Appreciation for Sluijters' work grew steadily. He was now an established artist, who had risen above criticism and was regularly honored with retrospective exhibitions at Amsterdam's Stedelijk Museum, the first of which was in 1927. As an authority on the visual arts, he was asked to serve on numerous juries and committees. A nice anecdote is that he, as a 'former woman painter', was invited in 1929 to be a jury member at the first Miss Holland election.
Jan Sluijters as portrait painter
Around 1930, Sluijters was regarded as the portrait painter of the Netherlands. He painted numerous prominent compatriots on commission from university circles, the music and theater world and the business community. These portraits vary from sober, somewhat distant images to penetrating character sketches, such as that of the Amsterdam alderman F.M. Wibaut and the conductor Willem Mengelberg.
In the course of the thirties, Sluijters' palette darkened. He thus followed a general tendency within painting, but remained primarily a colourist, who managed to suggest the intended form not so much with lines as with variations of greys, greens and browns.
Jan Sluijters' character sketch of Alderman Wibaut, 1933
Jan Sluijters during the Second World War
During the German occupation, Sluijters became depressed and was admitted to the Amsterdam Valerius clinic for some time. He suffered from the fact that as a result of the war, a very prosperous period in his career had suddenly come to a halt, while also limiting his social life. A combination of psychological and physical factors – including a severe form of anemia – meant that he hardly got around to painting. He remained a member of 'Arti et Amicitiae' and therefore automatically became a member of the Kultuurkamer, which put him under a six-month ban on exhibitions after the liberation. He resignedly accepted this and soon found his old zest again.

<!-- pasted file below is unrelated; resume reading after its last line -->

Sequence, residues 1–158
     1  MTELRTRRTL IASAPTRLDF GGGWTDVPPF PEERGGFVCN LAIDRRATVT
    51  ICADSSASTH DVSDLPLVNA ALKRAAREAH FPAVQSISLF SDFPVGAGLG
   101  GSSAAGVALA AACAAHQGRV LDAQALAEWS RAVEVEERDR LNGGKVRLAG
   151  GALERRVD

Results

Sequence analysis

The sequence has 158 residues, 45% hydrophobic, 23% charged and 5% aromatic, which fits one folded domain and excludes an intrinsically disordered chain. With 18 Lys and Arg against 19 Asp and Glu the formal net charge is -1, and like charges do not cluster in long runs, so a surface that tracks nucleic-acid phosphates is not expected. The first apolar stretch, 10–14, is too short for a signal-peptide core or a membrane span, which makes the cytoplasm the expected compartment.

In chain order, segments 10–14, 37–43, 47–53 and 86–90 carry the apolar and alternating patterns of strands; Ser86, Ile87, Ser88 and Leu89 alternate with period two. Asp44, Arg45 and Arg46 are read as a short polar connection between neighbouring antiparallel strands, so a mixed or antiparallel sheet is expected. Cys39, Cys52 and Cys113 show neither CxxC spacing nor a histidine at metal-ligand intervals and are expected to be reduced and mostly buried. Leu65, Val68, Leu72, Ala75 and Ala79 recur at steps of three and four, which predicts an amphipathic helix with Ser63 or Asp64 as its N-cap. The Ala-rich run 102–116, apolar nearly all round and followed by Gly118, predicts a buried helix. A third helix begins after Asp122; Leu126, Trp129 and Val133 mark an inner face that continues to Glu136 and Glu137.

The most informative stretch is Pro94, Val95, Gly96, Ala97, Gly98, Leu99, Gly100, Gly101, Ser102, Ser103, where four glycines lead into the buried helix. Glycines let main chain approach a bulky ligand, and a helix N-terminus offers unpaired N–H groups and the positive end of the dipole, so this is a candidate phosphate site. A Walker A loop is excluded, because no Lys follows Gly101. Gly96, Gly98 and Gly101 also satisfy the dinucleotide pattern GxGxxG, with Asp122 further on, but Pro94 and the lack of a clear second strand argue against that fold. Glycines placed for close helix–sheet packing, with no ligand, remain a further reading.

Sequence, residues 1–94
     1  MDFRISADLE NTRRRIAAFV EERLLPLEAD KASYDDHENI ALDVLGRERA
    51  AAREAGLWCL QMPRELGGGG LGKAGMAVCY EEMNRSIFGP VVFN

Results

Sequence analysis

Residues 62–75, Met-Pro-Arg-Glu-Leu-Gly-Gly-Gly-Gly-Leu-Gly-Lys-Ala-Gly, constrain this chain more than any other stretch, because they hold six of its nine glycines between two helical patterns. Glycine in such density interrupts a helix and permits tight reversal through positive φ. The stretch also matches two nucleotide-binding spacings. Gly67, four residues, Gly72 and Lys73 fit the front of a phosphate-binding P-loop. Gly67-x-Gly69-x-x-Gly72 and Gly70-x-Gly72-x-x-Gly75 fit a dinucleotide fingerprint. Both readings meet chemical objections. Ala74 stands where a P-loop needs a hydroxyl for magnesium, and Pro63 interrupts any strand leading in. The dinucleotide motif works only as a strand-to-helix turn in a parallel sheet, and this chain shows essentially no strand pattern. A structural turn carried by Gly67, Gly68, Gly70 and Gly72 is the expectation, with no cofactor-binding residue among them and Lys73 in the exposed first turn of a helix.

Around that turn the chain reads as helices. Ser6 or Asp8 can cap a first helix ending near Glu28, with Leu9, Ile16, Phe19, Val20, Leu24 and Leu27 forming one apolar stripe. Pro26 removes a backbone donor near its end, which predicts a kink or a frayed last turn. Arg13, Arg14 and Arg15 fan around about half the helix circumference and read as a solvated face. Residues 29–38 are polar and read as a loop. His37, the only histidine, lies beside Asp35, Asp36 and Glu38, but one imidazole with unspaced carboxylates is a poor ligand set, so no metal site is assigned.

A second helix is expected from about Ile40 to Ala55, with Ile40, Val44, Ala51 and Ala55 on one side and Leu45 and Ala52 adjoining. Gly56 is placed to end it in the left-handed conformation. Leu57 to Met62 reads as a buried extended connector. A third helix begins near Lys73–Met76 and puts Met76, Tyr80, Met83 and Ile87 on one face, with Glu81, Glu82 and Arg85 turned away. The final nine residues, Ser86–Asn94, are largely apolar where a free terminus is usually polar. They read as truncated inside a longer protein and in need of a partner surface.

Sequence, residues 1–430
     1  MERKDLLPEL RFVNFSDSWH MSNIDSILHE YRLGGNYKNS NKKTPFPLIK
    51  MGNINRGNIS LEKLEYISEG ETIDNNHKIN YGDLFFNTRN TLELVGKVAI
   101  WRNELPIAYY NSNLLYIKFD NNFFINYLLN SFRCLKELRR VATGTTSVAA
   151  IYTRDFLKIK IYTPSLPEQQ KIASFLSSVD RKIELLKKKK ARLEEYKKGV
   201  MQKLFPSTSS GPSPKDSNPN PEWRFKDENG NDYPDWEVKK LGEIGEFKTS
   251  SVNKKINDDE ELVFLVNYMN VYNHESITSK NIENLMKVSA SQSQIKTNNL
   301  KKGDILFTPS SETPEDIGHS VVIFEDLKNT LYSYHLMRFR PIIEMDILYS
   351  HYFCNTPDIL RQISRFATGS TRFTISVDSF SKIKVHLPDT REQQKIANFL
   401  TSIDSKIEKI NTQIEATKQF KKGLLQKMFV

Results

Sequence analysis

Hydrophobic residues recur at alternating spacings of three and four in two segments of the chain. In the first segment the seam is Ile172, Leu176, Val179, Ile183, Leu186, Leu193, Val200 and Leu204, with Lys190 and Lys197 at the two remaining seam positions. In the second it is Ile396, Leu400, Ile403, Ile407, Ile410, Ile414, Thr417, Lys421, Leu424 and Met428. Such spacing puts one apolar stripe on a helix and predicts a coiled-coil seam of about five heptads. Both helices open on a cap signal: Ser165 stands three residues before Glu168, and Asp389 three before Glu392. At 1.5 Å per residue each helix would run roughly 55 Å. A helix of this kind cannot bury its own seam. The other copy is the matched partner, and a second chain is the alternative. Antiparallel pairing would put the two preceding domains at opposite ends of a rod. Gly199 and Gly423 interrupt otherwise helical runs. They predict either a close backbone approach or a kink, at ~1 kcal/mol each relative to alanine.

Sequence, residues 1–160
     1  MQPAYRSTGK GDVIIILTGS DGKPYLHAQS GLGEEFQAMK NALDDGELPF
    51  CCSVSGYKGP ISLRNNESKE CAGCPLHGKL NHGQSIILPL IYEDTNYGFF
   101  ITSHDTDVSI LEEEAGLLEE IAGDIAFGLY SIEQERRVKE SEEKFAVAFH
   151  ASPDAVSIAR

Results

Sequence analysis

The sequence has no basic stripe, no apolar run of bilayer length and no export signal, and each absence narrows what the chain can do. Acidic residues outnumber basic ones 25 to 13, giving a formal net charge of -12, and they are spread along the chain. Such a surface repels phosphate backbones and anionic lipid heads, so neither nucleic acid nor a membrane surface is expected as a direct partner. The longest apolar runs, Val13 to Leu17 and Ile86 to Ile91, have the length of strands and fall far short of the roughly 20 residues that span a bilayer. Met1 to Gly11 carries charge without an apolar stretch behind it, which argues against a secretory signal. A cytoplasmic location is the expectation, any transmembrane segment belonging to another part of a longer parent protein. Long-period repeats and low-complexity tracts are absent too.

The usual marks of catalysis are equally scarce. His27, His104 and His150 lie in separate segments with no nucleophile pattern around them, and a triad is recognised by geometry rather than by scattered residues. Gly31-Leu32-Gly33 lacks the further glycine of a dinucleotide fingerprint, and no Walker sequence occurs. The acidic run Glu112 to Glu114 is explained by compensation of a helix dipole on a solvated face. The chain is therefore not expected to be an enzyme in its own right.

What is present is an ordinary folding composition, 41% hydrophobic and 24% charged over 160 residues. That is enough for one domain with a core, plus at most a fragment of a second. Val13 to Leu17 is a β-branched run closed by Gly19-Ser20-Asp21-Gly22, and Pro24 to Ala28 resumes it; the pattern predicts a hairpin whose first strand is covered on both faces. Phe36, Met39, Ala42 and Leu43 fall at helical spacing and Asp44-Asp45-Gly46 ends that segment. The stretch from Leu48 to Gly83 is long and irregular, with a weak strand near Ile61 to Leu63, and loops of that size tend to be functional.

Renewed appreciation for Jan Sluijters
In a colorful and decorative style, he painted portraits of his grandchildren and cheerful interior pieces, including La joie de peindre from 1946 and Motherhood from 1948. Sluijters continued to be regarded as the 'grand old man' of Dutch painting, who nevertheless took a positive view of the youngest avant-garde, the Cobra movement. When he was diagnosed with lung cancer in 1956, he became depressed again. He died the following spring and was buried under great interest from the Stedelijk Museum in Amsterdam.
Jan Sluijters may be regarded as one of the fundamental innovators of Dutch painting in the twentieth century, although this appreciation mainly applies to his work from the period around 1910. For half a century he played an active role in art life and, on the contrary, he represented that group of artists who considered painting 'pur sang' of paramount importance.
He was often characterized as a fiery painter's animal, but in reality he was a searching and hardworking painter, who tried things over and over again, but also repeatedly picked up the same themes in his paintings, sometimes in barely modified form. His virtuoso talent, his versatility and passion for work were reflected in an impressive oeuvre that, in addition to numerous watercolors, drawings, book illustrations, political prints and posters, comprises an estimated three thousand works in oil paint.
Jan Sluijters , 'Interior with two women and a dog, 1931
Jan Sluijters started his painting career as a headstrong rebel, who shocked the community and eventually he ended up as the universally acclaimed master, the favorite of the establishment and he still has that reputation.
Where can you view original works by Jan Sluiters?
The museums where you can visit Jan Sluijter's works include: the Noordbrabants Museum in Den Bosch, the Boijmans Van Beuningen Museum in Rotterdam, the Singer Museum in Laren, the Kröller-Müller Museum in Otterlo, the Art Museum The Hague, the Stedelijk Museum in Amsterdam and the Central Museum Utrecht.
Where can you buy original works by Jan Sluijters?
Through Gallerease we offer a large collection of works by Jan Sluijters for sale. Via this link you can orientate yourself on the available works of Jan Sluijters.